Use relevant software to collect, compile and present audio-visual material for presentations
Communicate research material both verbally, audio-visually and in writing
Transferable skills and personal qualities
Work to a deadline
Collaborate with peers
Have developed and implemented their independent research skills
Stimulate and facilitate the intellectual and creative work of others
- Analytical skills
- Understanding of professional cultures/environments ¿ our students are supported to develop professional approaches to timekeeping, peer support/review, self reflection/evaluation and dealing with sources of concern/complaint.
- Group/team working
- Ability to work independently and as part of a team, often as part of creative and critical projects that present unpredictable and challenging scenarios
- Creative thinking ¿ our teaching environment enables students to develop creative and critical approaches to problem-solving
- Ability to present self and ideas effectively, including when dealing with complex and sensitive topics; Ability to utilise engaging and dynamic forms of self-presentation
- Project management
- Project management ¿ our teaching environment demands that students plan, undertake, manage and evaluate projects independently and as part of teams
- Written communication
- Advanced communication skills ¿ verbal, written, prepared/rehearsed and improvised
- Emotional intelligence ¿ our teaching environment encourages students to develop self awareness, and an ability to use emotional and cognitive capacities when approaching new challenges; Awareness of the importance of contributing to public life and demonstrating good citizenship ¿ our curriculum is socially and politically engaged, and encourages students to develop a sense of social responsibility in their professional and social life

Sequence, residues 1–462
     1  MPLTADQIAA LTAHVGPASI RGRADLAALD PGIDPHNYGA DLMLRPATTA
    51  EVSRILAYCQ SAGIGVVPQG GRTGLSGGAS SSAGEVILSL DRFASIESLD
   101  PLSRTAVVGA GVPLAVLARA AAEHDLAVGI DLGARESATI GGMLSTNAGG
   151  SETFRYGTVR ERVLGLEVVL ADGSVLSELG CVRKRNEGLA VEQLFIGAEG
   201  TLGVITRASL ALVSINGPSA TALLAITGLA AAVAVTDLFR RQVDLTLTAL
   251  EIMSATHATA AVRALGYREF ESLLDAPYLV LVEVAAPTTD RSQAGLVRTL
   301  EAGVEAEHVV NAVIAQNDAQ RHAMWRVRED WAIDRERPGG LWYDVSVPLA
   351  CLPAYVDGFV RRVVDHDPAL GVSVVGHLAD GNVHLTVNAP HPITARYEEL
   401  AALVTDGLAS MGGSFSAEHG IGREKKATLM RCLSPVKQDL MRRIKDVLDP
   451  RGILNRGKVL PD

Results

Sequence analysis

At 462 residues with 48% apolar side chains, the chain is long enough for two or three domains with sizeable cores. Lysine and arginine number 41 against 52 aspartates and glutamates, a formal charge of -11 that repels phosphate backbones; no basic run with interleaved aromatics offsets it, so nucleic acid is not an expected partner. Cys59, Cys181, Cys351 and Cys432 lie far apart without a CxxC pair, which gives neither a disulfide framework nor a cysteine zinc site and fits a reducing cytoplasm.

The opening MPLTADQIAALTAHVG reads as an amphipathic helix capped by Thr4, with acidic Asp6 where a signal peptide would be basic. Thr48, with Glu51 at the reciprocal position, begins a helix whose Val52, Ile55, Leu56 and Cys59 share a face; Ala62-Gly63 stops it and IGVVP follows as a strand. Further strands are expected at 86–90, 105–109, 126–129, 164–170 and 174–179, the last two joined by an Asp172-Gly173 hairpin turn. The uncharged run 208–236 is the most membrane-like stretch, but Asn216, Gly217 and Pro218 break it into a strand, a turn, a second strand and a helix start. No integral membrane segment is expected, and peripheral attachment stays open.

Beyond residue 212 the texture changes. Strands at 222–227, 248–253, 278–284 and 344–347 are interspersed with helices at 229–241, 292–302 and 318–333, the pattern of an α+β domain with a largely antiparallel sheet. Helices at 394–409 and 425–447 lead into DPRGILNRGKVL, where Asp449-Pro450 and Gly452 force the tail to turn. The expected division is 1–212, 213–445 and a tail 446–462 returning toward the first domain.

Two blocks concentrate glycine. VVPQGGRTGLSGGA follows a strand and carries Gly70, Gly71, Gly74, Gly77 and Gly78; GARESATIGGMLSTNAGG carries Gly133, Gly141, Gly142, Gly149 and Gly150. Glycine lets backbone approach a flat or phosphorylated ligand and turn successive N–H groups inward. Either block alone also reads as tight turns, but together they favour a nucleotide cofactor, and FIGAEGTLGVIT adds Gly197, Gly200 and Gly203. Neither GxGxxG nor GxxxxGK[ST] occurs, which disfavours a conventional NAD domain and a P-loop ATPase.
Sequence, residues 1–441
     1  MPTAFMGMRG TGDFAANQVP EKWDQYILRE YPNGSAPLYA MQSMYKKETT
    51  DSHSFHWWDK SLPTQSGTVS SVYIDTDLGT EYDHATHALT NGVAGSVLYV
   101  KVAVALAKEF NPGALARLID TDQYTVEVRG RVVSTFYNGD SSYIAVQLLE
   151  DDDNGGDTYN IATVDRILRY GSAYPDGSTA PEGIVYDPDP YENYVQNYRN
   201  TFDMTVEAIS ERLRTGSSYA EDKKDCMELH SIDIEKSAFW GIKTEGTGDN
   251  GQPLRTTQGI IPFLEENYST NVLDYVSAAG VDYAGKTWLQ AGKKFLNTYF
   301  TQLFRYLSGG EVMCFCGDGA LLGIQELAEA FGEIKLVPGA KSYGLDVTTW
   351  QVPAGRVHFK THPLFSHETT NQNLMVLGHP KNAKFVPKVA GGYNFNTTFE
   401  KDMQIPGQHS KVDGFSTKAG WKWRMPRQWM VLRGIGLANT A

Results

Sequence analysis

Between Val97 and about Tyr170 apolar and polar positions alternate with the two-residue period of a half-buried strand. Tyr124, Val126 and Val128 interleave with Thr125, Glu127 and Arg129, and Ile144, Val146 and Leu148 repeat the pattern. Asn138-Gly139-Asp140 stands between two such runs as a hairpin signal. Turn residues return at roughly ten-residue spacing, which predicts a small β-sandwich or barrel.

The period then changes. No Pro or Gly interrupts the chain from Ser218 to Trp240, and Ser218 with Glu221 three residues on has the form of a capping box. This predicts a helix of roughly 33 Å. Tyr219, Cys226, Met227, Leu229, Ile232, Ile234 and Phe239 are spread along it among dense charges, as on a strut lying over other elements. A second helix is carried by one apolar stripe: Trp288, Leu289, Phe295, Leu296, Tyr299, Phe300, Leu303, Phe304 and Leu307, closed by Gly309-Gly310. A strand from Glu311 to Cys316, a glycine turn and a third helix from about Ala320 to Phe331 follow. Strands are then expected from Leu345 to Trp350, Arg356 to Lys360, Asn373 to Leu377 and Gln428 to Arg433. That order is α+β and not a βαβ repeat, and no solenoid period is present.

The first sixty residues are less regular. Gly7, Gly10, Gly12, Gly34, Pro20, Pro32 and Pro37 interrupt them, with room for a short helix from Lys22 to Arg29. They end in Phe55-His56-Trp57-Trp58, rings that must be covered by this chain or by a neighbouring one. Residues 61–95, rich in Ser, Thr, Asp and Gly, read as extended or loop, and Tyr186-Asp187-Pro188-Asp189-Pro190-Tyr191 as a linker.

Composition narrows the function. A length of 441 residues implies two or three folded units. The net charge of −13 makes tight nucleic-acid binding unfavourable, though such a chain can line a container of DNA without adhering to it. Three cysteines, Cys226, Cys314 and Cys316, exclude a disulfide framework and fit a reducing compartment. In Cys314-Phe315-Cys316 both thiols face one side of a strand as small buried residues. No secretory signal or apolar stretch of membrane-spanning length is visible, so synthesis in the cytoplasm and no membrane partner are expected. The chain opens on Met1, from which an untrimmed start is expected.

|presentation||5 minutes||NA (formative)|
Verbal in class feedback on seminar presentation
Verbal feedback on group presentation proposal
Written and verbal feedback on group presentation
Written feedback on final essay
Additional one-to-one feedback (during consultation hours or by making an appointment)
Formative and Summative
Allen, Robert C and Gomery, Douglas. 1985. Film History: Theory and Practice. New York: McGraw Hill.
Bordwell, David, Thompson, Kristin. 2009. Film History: An Introduction (Third Edition). New York: McGraw Hill.
Braudy, Leo and Cohen, Marshall. 2009. Film Theory and Criticism: Introductory Readings (Seventh Edition). Oxford: Oxford University Press.
Chapman, James. 2003. Cinemas of the World. London: Reaktion Books.
Cook, Pam. 2007. The Cinema Book (Third Edition). London: British Film Institute.
Dix, Andrew. 2016. Beginning Film Studies (Second Edition). Manchester: Manchester University Press.
Grainge, Paul, Jancovich, Mark and Monteith, Sharon (eds). 2007. Film Histories: An Introduction and Reader. Edinburgh: Edinburgh University Press.
Hayward, Susan. 2013. Cinema Studies: The Key Concepts (Fourth Edition). Abingdon and New York: Routledge.
Nowell-Smith, Geoffrey (ed). 1997. The Oxford History of World Cinema. Oxford: Oxford University Press.
|Scheduled activity hours|
|Independent study hours|
|Cathy Gelbin||Unit coordinator|
1 compulsory film screening each week